Helios Education Foundation provides $625K for Hurricane Ian relief
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Hurricane disaster relief
Most of the money will go toward aiding students, educators and faculty impacted by the storm.

The Helios Education Foundation is donating $625,000 for Hurricane Ian relief efforts, its board of directors announced Wednesday.

Of that, $525,000 will go to education-related organizations that work directly with students and children. The other $100,000 will go toward United Way of Florida to support its United 4 Florida Disaster Recovery Fund.

“This intense storm has forever impacted the lives of countless families across the state,” Helios Education Foundation Founding Chairman Vince Roig said.

“So many communities are experiencing unbelievable challenges. But, at the same time, we’ve seen an overwhelming outpouring of support. Helios was founded on community-first values, and we are honored to be in a position to offer targeted support to our education partners and others across the state and hope to encourage others to do the same.”

The leadership team at Helios worked to identify organizations and institutions that were in a position to respond immediately to the shifting needs of Floridians, particularly students, educators, and faculty members. Funding will aid faculty and students’ long- and short-term needs, including housing, meals, transportation, replacement of materials damaged in classrooms, counseling, and college attainment resources.

“The entire Helios team is immensely grateful to every teacher, faculty member, and education leader who has worked tirelessly to provide comfort and support in the aftermath of such a tragic disaster, and we look forward to continuing to fund opportunities to partner and boost student success across the state,” Roig added.

Of the education portion of the aid, Helios is providing $150,000 to the Consortium of Florida Education Foundations, which works with local education foundations to support housing assistance efforts for displaced educators and staff and provide financial assistance for basic necessities for students and their families. The funding will also aid in paying education-related fees for applications, graduations and activities.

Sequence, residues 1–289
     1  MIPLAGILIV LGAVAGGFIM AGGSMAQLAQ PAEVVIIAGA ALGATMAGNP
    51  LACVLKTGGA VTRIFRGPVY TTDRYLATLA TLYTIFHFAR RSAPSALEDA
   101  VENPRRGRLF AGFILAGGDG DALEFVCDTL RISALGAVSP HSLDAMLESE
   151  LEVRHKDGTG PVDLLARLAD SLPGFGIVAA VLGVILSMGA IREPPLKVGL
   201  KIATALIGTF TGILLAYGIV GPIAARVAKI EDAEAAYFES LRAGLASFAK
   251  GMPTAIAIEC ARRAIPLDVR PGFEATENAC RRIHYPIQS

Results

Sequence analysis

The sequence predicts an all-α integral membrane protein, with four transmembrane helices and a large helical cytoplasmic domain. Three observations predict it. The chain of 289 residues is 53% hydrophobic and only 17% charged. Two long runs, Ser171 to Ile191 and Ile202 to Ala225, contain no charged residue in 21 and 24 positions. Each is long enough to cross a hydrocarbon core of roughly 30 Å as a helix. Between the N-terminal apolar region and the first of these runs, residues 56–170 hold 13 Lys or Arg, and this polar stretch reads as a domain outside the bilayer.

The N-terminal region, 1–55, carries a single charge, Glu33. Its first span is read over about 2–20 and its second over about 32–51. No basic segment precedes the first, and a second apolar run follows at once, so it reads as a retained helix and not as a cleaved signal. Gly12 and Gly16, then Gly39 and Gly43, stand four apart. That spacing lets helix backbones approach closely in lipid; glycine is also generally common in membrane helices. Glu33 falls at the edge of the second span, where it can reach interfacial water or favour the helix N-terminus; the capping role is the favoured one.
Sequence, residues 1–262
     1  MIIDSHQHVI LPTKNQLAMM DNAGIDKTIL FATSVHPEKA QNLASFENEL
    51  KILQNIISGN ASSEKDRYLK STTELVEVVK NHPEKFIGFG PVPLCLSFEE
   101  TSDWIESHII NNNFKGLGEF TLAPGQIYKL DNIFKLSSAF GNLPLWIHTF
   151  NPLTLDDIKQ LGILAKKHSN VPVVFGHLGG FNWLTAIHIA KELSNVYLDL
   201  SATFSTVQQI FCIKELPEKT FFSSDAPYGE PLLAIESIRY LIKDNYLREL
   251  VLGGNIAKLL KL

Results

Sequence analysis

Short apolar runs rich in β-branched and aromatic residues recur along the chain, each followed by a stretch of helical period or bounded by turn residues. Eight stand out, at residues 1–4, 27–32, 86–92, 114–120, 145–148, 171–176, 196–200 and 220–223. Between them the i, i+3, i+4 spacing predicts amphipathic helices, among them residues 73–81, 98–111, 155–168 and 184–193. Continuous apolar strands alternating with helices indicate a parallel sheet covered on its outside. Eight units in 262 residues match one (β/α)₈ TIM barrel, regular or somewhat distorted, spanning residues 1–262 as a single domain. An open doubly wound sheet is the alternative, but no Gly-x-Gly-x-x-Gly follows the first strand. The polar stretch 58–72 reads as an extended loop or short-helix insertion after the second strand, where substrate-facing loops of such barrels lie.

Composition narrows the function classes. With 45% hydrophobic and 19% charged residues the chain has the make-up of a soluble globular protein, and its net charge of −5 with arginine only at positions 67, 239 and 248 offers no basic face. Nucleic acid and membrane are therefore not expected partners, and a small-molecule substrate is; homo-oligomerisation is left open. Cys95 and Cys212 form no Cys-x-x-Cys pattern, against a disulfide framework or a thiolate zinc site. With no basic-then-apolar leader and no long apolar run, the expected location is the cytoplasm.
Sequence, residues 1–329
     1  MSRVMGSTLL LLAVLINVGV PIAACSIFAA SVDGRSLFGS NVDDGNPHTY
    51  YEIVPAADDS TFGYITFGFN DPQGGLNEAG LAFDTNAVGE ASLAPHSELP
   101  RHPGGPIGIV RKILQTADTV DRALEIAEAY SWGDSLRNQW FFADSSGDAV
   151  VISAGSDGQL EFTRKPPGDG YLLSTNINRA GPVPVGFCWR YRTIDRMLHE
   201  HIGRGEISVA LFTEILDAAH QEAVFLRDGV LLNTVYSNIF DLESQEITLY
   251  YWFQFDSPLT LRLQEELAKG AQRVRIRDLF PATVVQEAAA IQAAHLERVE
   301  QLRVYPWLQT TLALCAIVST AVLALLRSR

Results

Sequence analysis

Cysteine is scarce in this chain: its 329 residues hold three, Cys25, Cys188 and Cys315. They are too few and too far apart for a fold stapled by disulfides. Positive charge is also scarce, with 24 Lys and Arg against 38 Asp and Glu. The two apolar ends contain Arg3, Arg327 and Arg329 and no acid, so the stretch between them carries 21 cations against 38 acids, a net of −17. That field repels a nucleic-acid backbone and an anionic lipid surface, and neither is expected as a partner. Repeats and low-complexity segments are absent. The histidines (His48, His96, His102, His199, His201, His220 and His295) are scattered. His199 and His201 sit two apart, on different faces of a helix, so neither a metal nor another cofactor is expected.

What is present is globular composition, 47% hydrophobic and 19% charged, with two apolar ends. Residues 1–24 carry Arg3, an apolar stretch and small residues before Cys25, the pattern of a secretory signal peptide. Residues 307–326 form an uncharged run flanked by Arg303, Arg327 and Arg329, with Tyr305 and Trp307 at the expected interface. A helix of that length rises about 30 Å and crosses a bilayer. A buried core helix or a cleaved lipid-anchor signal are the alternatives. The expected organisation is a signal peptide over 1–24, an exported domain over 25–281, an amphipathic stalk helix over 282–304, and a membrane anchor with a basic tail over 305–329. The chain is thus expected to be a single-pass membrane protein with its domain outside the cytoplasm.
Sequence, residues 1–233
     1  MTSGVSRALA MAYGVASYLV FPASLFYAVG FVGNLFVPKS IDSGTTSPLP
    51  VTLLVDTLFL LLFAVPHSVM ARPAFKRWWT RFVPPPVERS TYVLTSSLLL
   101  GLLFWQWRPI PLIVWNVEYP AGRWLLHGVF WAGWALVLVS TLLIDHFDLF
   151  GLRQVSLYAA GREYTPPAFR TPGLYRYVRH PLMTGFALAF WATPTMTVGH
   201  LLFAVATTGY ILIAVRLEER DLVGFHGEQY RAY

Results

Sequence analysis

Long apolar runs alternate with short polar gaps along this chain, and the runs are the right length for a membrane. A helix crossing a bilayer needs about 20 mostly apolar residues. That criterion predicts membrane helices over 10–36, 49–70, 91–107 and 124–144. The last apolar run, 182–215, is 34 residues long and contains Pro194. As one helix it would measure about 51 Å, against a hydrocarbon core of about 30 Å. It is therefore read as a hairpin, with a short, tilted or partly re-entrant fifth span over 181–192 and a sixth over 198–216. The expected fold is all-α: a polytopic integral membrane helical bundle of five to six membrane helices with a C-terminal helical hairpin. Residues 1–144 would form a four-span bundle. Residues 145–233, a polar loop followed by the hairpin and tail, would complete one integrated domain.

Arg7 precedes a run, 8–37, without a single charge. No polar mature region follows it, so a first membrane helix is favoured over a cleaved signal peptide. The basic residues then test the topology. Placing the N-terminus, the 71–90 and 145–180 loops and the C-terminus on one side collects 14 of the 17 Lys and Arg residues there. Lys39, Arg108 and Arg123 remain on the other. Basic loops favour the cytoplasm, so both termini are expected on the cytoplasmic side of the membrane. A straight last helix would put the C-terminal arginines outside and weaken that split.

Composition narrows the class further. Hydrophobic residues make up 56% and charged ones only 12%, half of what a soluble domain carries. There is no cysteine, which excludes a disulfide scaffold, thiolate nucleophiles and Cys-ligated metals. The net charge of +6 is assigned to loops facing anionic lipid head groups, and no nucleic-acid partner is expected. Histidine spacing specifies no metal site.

The Florida College System will receive $200,000 to provide targeted relief and critical resources to five colleges whose students experienced significant loss as a result of Hurricane Ian. The funds will be used for housing, transportation, books, child care and other urgent necessities. 

The grant will also provide $100,000 for Florida Gulf Coast University in Fort Myers, one of the higher learning institutions in Florida that suffered the worst damage from Ian. More than 1,500 students at the school have reported substantial losses and the funds will help provide resources and support to those students. 

Take Stock in Students, part of the Take Stock in Children Network, will receive $50,000 to address the immediate and long-term needs of local affiliates. 

Additionally, the University of Central Florida will receive $25,000 to provide resources and support where it is needed the most. Central Florida sustained significant flooding as Hurricane Ian moved inland, affecting thousands of students and faculty members.

Staff Reports

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